Infinite Saigon

An omniscient Bodhisattva with 15 arms is busy at work, partially blindfolded and bathed in cold office lights. Through her portal she’s inspecting an astronaut under the lights of a skyscraper. Outside, the astronaut is thrown into flames. Both are entangled in endless cables, while stray cats and street food are scattered all about. This is part of the Saigon’s Characters series by Viet fashion photographer Chiron Dương. These characters and themes pop up through the rest of the series as viewers fall through the looking glass and discover deeper themes and meanings.

The Bodhisattva and astronaut are actually a delivery person and an ordering app. Dương is taking everyday features of modern day life and translating them into a colorful editorial shoot. The images are dense, bubbling scenes filled with a barrage of Vietnamese references.

Dương uses fashion editorials as a way to explore local and regional culture. The Saigon’s Characters series is a statement about what the city looks like in modern times. In his eyes, it’s is a collision point of many different elements, where a wide range of colors, cultures, and people intertwine. His city is both triumphant and treacherous, but mostly filled with potential. Overpopulation, poverty, disease, danger? Sure. But also diversity, beauty, history, and connection. “The developing city of Saigon these days is a swirling blend of cultural and spiritual values. A mix of religions, morals, and habits passed on from generation to generation.”

The series was made for the Xon Xao In Saigon showcase, which combined graphic design with augmented reality technology. To create it, Dương first sketched out the characters. “Each one is associated with a story or a socio-cultural aspect that I wanted to mention in regards to the city,” he explains. Once he had the shoot planned, he sought out clothing designs that fit his sketches. Everything revolves around model Lê Thanh Huyền wearing pieces by local designers Thảo Nguyên, Monbu Mai, Nguyễn Quỳnh Anh, and Trần Bảo Sơn.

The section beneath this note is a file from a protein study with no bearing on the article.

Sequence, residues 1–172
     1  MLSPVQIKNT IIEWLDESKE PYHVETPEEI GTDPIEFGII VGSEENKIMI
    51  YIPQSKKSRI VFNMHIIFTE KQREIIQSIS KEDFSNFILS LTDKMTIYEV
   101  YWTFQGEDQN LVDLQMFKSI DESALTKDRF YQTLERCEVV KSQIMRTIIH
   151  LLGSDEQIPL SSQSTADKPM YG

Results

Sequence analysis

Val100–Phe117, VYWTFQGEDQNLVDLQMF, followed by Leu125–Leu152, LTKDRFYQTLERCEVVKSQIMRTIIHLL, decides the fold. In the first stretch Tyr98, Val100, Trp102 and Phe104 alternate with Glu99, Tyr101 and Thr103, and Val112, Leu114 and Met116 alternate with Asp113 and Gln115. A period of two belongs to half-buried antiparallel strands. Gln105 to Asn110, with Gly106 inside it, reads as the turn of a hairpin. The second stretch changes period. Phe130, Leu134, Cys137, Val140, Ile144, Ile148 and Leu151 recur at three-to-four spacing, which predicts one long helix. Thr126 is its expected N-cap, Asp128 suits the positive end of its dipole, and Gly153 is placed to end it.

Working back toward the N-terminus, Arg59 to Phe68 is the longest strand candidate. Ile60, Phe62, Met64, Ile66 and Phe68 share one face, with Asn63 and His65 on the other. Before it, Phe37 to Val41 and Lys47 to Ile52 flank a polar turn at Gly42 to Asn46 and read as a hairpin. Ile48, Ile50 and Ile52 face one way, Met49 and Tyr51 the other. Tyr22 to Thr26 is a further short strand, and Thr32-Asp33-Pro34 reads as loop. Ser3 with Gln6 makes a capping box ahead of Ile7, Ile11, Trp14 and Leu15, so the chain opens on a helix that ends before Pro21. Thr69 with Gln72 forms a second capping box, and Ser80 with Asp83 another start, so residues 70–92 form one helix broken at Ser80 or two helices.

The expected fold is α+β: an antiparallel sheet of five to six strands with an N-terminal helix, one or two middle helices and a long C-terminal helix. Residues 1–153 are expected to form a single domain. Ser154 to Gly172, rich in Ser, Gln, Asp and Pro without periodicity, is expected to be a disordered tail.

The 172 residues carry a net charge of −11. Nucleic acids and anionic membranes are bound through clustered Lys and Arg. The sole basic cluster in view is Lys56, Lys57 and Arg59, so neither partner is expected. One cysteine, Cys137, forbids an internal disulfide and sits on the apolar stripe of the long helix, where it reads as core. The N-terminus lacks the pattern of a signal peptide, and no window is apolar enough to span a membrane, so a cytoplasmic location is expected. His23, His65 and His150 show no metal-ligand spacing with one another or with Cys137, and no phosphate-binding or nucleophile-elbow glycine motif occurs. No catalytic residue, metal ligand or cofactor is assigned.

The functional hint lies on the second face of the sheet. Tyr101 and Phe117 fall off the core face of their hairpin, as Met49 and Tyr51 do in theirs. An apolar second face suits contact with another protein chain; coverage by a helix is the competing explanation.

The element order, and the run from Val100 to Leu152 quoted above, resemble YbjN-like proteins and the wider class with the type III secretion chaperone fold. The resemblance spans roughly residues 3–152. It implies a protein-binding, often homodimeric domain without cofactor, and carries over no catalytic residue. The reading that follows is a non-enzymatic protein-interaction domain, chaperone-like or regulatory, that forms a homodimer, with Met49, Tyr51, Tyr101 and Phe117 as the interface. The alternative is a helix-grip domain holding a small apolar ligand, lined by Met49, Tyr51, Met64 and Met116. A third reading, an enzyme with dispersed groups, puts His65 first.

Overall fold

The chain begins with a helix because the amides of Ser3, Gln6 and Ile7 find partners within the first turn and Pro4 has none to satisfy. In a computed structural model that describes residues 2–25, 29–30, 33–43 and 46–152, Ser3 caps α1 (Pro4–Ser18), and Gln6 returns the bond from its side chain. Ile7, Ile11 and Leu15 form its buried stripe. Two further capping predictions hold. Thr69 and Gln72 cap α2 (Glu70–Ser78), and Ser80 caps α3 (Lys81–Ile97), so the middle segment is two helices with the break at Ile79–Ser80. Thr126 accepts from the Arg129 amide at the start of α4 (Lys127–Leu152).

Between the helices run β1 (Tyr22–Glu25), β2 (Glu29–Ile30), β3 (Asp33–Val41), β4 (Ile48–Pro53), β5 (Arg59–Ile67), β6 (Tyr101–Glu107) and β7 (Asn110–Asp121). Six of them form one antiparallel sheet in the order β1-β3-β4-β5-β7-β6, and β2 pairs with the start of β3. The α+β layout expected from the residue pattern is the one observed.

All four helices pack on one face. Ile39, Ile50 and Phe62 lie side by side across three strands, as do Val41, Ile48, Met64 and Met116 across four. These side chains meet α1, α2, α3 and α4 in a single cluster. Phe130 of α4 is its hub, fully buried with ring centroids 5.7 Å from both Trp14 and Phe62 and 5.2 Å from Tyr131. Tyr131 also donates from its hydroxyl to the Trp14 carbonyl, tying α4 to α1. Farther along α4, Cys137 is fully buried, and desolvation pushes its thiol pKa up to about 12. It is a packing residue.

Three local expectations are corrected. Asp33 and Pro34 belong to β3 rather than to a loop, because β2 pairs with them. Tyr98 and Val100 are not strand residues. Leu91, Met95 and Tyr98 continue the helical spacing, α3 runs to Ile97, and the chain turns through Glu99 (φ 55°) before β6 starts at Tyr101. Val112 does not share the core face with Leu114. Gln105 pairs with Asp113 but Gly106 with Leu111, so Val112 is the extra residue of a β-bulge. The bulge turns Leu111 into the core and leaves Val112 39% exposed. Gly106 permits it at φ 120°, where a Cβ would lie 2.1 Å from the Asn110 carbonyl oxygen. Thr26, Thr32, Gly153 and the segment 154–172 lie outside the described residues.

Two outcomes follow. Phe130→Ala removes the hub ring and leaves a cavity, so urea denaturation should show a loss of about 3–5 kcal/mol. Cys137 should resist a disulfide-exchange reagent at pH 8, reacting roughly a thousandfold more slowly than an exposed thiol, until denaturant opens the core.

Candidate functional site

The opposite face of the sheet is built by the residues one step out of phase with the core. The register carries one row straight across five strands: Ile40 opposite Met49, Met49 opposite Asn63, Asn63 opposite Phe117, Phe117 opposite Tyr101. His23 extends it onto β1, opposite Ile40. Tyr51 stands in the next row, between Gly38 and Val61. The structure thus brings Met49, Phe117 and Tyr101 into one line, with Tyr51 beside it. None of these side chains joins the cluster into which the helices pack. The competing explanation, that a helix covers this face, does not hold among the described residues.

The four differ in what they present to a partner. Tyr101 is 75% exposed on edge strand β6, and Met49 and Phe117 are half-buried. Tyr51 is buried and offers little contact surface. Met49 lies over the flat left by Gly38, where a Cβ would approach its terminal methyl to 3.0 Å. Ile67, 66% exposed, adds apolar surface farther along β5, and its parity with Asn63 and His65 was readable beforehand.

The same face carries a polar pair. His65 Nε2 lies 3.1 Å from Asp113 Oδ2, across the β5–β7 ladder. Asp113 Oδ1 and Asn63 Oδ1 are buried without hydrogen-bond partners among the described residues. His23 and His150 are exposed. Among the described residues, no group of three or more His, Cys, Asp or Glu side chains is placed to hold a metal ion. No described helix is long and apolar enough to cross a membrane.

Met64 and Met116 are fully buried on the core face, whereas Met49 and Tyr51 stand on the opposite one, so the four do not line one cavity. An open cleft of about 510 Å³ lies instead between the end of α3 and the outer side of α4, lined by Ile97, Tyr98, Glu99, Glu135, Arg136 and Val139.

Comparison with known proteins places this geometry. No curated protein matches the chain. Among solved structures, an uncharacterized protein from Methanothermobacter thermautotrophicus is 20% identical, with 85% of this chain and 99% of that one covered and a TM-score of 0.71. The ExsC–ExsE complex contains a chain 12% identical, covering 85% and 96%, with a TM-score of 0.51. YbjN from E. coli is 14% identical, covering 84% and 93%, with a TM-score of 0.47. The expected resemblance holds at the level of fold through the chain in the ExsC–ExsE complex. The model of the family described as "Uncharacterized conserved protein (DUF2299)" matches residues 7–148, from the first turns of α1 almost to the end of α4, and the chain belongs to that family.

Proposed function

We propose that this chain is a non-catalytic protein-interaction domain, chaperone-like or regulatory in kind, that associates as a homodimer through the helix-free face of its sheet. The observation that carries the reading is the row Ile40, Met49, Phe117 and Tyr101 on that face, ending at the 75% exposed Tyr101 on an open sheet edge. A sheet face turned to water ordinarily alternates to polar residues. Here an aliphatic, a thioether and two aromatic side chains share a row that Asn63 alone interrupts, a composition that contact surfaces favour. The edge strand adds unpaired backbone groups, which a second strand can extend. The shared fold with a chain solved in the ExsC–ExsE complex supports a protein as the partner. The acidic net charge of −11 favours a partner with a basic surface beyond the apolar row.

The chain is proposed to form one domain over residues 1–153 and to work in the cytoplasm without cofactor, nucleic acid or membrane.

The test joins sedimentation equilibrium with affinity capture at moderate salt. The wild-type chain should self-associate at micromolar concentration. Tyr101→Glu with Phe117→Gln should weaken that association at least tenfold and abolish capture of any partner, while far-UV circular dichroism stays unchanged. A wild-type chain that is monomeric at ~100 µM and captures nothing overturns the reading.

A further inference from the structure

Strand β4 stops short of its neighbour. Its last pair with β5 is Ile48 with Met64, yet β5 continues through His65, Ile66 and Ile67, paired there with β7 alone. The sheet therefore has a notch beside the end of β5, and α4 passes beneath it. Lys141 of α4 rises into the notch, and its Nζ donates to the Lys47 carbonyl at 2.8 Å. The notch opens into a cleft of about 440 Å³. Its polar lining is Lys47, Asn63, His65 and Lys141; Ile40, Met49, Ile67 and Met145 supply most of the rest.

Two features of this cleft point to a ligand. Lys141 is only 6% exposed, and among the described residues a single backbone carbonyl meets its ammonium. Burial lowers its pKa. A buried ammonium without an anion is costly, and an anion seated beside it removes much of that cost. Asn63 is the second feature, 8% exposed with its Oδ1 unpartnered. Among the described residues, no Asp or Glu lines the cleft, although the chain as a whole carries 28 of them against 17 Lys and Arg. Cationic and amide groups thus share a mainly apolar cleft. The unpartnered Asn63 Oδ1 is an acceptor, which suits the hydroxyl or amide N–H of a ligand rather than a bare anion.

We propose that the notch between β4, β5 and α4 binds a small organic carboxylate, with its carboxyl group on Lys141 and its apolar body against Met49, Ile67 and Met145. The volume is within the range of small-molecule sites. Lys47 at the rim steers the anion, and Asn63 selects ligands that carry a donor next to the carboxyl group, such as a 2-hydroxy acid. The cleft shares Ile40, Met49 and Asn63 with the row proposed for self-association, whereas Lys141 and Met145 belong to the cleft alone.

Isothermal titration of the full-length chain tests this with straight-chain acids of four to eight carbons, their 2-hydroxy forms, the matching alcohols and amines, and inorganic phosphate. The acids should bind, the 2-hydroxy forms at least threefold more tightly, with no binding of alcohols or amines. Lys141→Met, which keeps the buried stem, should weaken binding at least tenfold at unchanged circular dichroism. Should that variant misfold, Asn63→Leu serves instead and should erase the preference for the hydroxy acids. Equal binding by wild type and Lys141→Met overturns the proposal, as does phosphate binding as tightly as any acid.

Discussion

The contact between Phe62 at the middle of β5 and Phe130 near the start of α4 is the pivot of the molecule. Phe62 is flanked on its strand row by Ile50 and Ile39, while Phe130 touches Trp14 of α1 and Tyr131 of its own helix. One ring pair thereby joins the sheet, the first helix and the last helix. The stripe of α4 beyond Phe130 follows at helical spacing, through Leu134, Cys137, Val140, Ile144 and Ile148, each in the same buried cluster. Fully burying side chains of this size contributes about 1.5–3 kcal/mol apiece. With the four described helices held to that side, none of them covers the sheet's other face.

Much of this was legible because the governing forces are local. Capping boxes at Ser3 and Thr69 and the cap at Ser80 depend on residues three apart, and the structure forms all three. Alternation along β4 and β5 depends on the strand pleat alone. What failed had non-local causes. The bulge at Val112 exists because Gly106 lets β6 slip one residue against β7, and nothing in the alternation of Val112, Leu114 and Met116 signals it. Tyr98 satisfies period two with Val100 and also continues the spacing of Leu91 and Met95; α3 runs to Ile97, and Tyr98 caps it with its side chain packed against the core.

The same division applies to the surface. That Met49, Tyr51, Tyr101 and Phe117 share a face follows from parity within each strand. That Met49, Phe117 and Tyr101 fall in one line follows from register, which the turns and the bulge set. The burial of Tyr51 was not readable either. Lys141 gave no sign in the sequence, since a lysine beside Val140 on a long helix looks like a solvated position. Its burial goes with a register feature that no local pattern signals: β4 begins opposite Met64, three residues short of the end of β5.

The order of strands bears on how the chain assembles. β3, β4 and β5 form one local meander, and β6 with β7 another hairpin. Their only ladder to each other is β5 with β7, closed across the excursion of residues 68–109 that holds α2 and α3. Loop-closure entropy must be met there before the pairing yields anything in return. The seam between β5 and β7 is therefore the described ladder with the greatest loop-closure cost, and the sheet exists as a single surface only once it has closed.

Indigenous attire, motorcycles, skyscrapers, and street food are all collaged together in separate images that combine to tell a larger story. In one, a vendor hides her eyes behind a conical hat covered in layers of plastic. But we’re witness to her private thoughts by way of the mirrors floating around her. The street ninja (a phrase referring to women on motorbikes covered head-to-toe in clothing to avoid the sun) looks into a mirror to witness a frothing mass of people whispering rumors behind her. The water that splashes around the ninja is in all the other images, but most prominently envelops a second deity dressed in a dragon-emblazed pullover. It speaks the rippling water of Saigon River, which offers a way to discreetly observe and distort other city dwellers. Another character explodes in color, warped and brilliant, as a representation of the tidal wave of traffic in the streets.

The meanings behind Dương’s series are often bleak. But if you focus on the images themselves, it’s hard not to enjoy them. The challenges of the day are many, but the opportunities they present are endless. It’s an attempt to learn from these problems rather than hide from them. His work takes advantage of the possibilities of the moment and hopefully inspires us to do the same.